This article originally appeared on VICE Australia.
Head north from Port Augusta in south Australia and they’re everywhere. Crumbling homes, busted windmills, lone chimneys. You can take the Stuart Highway northwest toward Coober Pedy, or the Outback Highway toward Marree, but each horizon brings just the same scattering of dead farms and lost stories.
Back in June, I set out to photograph some of these abandoned settlements and I was surprised to realize how many there are. They’re all unmarked, too, without plaques or memorials explaining who settled where, or why they were drawn to isolated swaths of salt bush. There is a kind of general answer, though—one that takes us back to the 1870s, when European settlers thought South Australia could support an agricultural bread basket like that of the American Midwest. They moved out there in droves, only to lose farms to drought and dust storms. But the interesting thing is that they’d been warned, in a way that feels frustratingly familiar in 2019.
The story starts with a surveyor named George Goyder. Born in Liverpool, England, Goyder emigrated to Australia in 1848 and landed a job creating land surveys for mining and railways around South Australia. Known for his attention to detail, he was eventually promoted to Surveyor-General in 1861, just as the region slid into drought.
Between 1864 and 1865 South Australia received virtually no rain. Crops wilted and the topsoil was blown away, leaving farmers petitioning the government for assistance. Officials then asked Goyder to map the drought so they could figure out who was affected enough to claim financial aid. But the map Goyder produced was far more controversial than what they’d requested because he tried to dictate where settlers could and couldn't plant crops, indefinitely.
By studying the native vegetation, Goyder produced a map of long term rainfall. It was known as Goyder’s Line, and it traced along the South Australian coastline into Victoria. According to the map, any land south of the line could be farmed because rainfall in those areas was reliable. Any land north of the line, on the other hand—meaning most of the state—should only be used for grazing livestock. Grains, vegetables, and fruit weren’t sustainable crops in the state’s north, meaning large towns were unfeasible. And while it now seems miraculous, the government sided with Goyder and the Waste Lands Alienation Act was officiated in 1872: allowing farmers to only purchase land on credit if they were buying south of the line.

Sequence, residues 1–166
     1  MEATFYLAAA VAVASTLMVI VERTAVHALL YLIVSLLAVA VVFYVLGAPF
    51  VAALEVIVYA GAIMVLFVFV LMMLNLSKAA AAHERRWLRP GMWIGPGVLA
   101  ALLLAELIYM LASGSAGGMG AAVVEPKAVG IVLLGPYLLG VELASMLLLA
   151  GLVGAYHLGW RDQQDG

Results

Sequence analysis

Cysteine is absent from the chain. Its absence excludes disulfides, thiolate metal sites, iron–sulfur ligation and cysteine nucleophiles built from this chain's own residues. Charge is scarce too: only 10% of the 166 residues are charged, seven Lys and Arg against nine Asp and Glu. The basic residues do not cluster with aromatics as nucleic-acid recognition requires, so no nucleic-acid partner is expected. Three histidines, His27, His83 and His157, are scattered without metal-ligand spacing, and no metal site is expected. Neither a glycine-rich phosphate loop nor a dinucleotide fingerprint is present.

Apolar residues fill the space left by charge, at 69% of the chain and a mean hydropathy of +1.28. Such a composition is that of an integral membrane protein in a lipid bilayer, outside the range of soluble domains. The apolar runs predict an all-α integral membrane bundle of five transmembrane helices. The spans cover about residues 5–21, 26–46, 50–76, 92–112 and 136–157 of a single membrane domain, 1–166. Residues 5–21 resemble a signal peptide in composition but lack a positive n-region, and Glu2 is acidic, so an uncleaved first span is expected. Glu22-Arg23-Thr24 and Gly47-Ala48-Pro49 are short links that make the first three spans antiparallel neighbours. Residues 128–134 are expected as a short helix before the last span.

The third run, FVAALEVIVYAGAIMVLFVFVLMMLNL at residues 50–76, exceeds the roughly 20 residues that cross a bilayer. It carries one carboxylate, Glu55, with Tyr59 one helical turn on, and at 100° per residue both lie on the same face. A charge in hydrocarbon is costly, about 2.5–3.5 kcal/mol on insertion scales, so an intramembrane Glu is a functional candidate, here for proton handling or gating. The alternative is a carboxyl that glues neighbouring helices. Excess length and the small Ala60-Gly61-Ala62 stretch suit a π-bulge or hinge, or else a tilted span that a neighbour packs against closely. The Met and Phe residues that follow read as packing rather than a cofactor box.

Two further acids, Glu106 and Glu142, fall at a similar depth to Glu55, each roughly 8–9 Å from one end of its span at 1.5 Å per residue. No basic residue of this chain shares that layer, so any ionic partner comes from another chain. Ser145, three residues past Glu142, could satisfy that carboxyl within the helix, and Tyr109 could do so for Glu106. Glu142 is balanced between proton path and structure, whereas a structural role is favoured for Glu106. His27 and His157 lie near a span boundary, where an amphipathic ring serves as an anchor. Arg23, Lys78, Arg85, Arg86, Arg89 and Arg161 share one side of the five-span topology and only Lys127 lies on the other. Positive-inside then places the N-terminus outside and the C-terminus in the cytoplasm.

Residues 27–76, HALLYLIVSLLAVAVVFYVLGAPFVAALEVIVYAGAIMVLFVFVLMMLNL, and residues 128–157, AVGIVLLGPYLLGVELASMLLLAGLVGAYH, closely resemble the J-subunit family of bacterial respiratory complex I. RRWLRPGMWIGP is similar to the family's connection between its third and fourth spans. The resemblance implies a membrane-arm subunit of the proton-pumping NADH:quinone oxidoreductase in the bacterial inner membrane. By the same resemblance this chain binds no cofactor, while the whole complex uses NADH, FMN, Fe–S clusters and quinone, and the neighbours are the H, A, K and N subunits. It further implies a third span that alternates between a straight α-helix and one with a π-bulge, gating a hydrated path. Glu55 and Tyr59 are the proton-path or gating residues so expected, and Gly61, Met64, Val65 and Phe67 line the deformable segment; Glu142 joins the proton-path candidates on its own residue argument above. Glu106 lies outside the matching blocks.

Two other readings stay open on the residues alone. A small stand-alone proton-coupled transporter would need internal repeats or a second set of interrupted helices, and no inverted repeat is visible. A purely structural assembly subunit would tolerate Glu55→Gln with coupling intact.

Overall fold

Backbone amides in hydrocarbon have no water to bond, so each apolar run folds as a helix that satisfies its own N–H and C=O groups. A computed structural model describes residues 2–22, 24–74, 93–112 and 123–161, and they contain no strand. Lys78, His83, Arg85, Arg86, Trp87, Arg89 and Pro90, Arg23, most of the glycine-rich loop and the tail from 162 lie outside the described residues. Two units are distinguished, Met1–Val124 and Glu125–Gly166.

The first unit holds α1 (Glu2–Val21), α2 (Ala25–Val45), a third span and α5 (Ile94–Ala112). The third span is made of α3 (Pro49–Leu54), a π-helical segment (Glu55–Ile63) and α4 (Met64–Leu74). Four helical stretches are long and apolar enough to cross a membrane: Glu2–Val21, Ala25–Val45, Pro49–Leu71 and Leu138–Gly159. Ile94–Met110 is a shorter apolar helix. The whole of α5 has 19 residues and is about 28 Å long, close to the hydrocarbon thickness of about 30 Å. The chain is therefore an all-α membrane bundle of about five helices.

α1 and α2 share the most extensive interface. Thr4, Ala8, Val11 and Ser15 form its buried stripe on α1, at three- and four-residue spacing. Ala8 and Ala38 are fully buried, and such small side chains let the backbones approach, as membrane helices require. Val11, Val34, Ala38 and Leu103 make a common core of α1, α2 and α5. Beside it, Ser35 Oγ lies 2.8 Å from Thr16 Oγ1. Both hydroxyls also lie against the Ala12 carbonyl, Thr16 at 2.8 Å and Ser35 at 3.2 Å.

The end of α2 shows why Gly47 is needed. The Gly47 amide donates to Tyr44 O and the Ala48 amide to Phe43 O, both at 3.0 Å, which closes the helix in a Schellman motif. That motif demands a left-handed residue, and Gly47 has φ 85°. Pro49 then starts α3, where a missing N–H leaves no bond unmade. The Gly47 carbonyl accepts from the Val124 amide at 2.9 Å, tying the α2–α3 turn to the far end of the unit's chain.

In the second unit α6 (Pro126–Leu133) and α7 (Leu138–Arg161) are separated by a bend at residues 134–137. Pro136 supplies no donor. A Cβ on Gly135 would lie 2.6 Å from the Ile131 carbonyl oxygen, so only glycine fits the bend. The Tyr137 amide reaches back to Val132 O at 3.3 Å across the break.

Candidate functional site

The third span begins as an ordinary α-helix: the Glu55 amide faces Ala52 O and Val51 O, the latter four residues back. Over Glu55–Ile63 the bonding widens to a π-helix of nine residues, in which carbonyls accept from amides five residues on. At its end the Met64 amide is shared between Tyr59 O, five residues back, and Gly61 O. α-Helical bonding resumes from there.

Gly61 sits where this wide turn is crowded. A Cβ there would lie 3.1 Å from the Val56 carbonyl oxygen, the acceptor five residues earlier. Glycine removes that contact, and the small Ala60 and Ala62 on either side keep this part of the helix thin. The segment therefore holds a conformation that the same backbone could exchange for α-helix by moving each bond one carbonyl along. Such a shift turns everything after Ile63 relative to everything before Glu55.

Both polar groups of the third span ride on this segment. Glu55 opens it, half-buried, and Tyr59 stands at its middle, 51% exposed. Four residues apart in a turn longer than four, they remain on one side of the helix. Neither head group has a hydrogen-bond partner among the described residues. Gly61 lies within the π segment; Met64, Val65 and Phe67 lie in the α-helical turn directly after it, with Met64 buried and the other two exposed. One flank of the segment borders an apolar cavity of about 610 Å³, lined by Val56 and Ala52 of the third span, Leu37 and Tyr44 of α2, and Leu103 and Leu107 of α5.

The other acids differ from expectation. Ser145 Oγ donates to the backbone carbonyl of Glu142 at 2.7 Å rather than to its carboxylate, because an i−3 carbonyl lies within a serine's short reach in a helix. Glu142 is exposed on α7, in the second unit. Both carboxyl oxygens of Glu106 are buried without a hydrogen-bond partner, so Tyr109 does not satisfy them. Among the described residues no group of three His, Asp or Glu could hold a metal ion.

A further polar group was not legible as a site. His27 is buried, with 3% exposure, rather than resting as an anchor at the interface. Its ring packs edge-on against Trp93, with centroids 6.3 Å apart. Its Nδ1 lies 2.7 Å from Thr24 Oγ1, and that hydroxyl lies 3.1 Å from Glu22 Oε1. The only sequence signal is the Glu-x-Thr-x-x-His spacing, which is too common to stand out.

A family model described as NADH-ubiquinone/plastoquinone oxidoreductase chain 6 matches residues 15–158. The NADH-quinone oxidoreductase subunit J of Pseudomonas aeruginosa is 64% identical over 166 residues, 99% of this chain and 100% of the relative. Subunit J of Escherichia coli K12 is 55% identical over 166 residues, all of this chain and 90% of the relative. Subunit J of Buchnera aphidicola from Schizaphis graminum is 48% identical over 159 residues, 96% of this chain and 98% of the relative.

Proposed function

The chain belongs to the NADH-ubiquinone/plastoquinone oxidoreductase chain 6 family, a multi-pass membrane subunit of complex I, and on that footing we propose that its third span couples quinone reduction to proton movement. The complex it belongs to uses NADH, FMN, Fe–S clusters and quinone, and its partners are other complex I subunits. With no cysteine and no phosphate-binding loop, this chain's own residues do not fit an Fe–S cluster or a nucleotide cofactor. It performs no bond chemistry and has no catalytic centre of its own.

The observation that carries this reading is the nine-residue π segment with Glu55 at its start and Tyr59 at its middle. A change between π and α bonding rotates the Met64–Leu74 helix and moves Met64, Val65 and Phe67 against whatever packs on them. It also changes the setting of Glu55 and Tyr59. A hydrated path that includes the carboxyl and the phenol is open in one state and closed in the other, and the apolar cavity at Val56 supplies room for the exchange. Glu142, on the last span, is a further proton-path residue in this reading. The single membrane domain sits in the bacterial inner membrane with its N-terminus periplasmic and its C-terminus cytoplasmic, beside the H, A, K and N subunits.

No sooner had Goyder’s Line become law, however, than the drought broke and the state was drenched in rain. For most of the 1870s it poured and the rivers ran and South Australian agriculture boomed, while real estate prices soared. As most of the state’s coast had already been settled and subdivided there were angry calls to open up the north, and Goyder’s Line became known as Goyder's Line of Foolery.
To us in 2019, the arguments against Goyder take a familiar tone. There were sceptics who argued that it was impossible for him to make accurate predictions because no one had yet kept detailed rain records. There were also the straight-up conspiracy theorists who claimed he’d been paid off by southern pastoralists so their land values remained high. And nearly everyone agreed that Goyder’s Line flew in the face of a popular belief that the “rain follows the plow.”
The thinking here was that regularly plowed soil releases moisture into the air, which with the added propagation of water-holding plants saturates the sky and encourages rain. Today this theory sounds about as laughable as chemtrails, but in the 1870s it was considered firm science. And so after just two seasons of rain the Act was repealed and Goyder’s Line was forgotten.